Sponsors for the 2018 Mardy Fish Children’s Foundation Tennis Championships are led by Presenting Sponsor PNC Bank and Grand Slam Sponsors Boston Barricade, George E. Warren Corporation, Jake Owen Foundation, Syde Hurdus Foundation / Fit For Life and Land Rover / Jaguar Treasure Coast, Backhand Sponsors Publix, Rossway Swan, Coastal Van Lines, White Orchid Spa, Foglia Contracting, Forehand Sponsors Steve and Karen Rubin, Willem and Marion de Vogel, Cravings, M&M Group – Keller / Williams Realty Vero Beach, Rosato Plastic Surgery, Riverside Café, Ocean Drive Elite Physiques, 14 Bones Barbeque, Gordon Food Service, Peter Bernholz, Swarovski, Soul Music, Minuteman Press and Elite Airways, Kit Fields Realtor / CharlotteTerry.com, Cabana Sponsors John’s Island, Gene Simonsen, Michael & Kathleen Pierce, William Barhorst CPA, Dan Holman, John Klein, Hadleigh Investments, TeamChristopher.com, Tom Collins, The Pitcher Family, Pene Chambers Group, Waldo and Candy Johnston, The Pappalardo Family, Mickey and Rob Stein, Lace and Bob Milligan and Drop Shot Sponsors Fresh Market, Brooklyn Bagel, Hutchinson’s Florist, Seaside Grill, A Pampered Life-Disney Spa, Avanzare, New Chapter Media, Smith & Company Landscaping, Center For Advanced Eye Care, Cast Electric, Citron of Vero Beach, Amerigas, Central Window of Vero Beach, Bill’s Audio and Video Innovations, ML Engineering, Capt. Bob’s Airboat Adventure, Busy Bee Lawn & Garden Center, Complete Restaurant Equipment, Wilco Construction, Nozzle Nolen, Southern Plumbing, Treasure Coast Sotheby’s, Jack’s Complete Tree Service, Complete Electric, Statewide Condominium Insurance, Abco Garage Door, O’Hair, Quinn, Casalino, Chartered, Rick’s Custom Care, Rich-Look Lawn Care, White Glove Moving & Storage, Coastal Comforts @ The Village Shops, Jimmy’s Tree Service, Thompsons Remodeling & Home Repairs, Summit Construction, Colton Williams & Reamy, Sunshine Furniture, Malesardi, Quackenbush, Swift, Aluma Tower Company, Alex MacWilliam, Inc., Charlotte Terry Real Estate, Ken’s Pool & Spa Repair, Vero Beach Orthopedics, Barker Air Conditioning & Heating, Treasure Coast Financial Planning, Engineered Services, Peter Bernholz, Deborah Benjamin, John & Faith Parker, Duke & Betty Foster, Paul & Linda Delaney, Timmy Wood Gary and Beth Williams, Don Moyle, Chuck Pollard, Stewart Dunn, Leslie London – LL Vinyl Designs, Dara, Hunter and Thom Morgan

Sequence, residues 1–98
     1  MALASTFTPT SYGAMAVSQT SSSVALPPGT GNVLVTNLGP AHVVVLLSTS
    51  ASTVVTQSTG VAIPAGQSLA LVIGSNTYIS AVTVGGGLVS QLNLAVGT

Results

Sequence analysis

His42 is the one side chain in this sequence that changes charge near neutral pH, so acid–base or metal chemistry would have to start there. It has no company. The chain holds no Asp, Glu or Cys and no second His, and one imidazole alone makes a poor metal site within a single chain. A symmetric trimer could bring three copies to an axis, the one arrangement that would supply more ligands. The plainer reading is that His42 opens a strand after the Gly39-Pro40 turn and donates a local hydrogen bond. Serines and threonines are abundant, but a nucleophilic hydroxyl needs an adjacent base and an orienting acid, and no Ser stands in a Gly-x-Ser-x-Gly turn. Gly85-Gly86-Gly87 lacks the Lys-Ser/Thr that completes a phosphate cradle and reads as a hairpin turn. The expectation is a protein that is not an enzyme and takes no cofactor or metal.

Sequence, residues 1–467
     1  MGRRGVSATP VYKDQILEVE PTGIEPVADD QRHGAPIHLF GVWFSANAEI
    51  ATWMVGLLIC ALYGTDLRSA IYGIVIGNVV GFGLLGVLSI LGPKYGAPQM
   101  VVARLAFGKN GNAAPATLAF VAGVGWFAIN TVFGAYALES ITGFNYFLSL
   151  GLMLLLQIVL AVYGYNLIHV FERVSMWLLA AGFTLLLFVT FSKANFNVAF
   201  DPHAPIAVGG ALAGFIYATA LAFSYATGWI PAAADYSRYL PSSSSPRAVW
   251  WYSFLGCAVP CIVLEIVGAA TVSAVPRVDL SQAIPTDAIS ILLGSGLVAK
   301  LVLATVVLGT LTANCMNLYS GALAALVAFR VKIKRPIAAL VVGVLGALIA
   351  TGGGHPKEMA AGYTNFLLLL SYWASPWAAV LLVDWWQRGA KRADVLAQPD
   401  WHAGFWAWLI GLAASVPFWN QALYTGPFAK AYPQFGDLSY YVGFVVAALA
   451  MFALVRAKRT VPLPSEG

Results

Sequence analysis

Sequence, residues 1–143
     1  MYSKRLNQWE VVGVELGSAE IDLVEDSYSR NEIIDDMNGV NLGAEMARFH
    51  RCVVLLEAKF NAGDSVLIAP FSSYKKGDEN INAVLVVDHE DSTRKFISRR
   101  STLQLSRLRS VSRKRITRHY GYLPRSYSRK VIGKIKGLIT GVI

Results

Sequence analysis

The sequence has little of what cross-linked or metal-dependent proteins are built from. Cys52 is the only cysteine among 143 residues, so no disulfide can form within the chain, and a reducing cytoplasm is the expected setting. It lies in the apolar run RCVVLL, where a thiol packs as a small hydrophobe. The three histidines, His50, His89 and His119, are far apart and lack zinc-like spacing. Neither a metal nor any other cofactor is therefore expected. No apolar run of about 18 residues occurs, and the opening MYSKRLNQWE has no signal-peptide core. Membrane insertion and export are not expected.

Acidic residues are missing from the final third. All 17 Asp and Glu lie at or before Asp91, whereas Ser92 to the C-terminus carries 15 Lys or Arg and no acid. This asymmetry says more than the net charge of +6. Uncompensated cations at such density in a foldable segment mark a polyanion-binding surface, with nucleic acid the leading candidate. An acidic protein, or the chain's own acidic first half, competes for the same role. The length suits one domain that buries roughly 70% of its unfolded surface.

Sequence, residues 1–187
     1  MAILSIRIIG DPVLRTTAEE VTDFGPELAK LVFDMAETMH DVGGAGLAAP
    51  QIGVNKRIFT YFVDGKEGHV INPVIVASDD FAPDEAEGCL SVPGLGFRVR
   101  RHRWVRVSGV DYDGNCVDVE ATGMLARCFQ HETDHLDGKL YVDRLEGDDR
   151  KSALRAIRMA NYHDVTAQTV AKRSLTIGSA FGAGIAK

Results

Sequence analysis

Unusual “Wild Card” Final For USTA Mardy Fish Futures Event Won By Army Men’s Tennis Coach’s Son

Karl Poling of West Point, N.Y., the 18-year-old son of U.S. Military Academy men’s tennis coach Jim Poling, earned a main draw wild card entry into the 2018 Mardy Fish Children’s Foundation Tennis Championships by winning an unusual final of the wild card tournament held at the USTA National Campus at Lake Nona, Florida.

His final-round match against fellow 18-year-old Trent Bryde of Atlanta, Ga., was, however, not played at Lake Nona, but in Orange Park, Florida, just outside of Jacksonville.

Due to rain that washed out an entire day of play in the 40-player wild card event, Poling and Bryde had to play their semifinal and final-round matches on Thursday, April 12, jeopardizing their opportunity to play in the qualifying tournament at the USTA Pro Circuit event in Orange Park – 150 miles away – for which they had to personally register for on-site at the tournament desk by 6 pm that day. Tournament officials decided, in the best interest of the players and their competitive playing opportunities, to have them play the final later that night in Orange Park after signing in to play in the Orange Park qualifying event. Poling and Bryde then battled for nearly three hours before Poling emerged victorious 2-6, 6-4, 6-4.